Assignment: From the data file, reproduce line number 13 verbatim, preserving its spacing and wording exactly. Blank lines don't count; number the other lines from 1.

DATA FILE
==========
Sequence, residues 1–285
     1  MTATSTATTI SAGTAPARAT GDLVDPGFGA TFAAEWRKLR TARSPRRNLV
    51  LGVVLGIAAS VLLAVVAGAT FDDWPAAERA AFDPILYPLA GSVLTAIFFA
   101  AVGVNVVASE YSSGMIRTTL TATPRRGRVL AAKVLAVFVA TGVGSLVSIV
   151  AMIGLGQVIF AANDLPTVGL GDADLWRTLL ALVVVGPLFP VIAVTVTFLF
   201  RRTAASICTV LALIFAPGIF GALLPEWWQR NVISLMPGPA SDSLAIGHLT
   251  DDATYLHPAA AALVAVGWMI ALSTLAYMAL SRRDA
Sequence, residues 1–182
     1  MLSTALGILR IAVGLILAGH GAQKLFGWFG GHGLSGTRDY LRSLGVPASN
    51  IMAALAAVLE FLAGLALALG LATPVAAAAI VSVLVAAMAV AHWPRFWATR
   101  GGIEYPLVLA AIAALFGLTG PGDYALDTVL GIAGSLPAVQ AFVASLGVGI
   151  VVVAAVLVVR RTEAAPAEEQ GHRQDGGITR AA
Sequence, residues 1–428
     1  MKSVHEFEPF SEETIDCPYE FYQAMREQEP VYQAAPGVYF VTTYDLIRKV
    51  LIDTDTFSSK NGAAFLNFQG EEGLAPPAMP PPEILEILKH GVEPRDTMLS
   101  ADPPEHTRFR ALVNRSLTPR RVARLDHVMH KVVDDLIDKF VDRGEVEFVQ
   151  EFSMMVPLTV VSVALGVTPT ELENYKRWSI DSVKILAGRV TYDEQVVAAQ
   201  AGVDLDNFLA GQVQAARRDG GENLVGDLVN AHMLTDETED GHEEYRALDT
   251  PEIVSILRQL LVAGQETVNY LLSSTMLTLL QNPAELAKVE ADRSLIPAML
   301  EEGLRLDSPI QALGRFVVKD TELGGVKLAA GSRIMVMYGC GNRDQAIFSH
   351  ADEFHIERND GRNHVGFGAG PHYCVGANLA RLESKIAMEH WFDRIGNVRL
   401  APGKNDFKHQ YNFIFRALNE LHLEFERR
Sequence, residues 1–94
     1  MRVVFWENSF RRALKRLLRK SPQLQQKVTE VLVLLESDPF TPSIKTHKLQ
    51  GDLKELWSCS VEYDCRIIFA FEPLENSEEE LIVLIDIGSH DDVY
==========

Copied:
Sequence, residues 1–428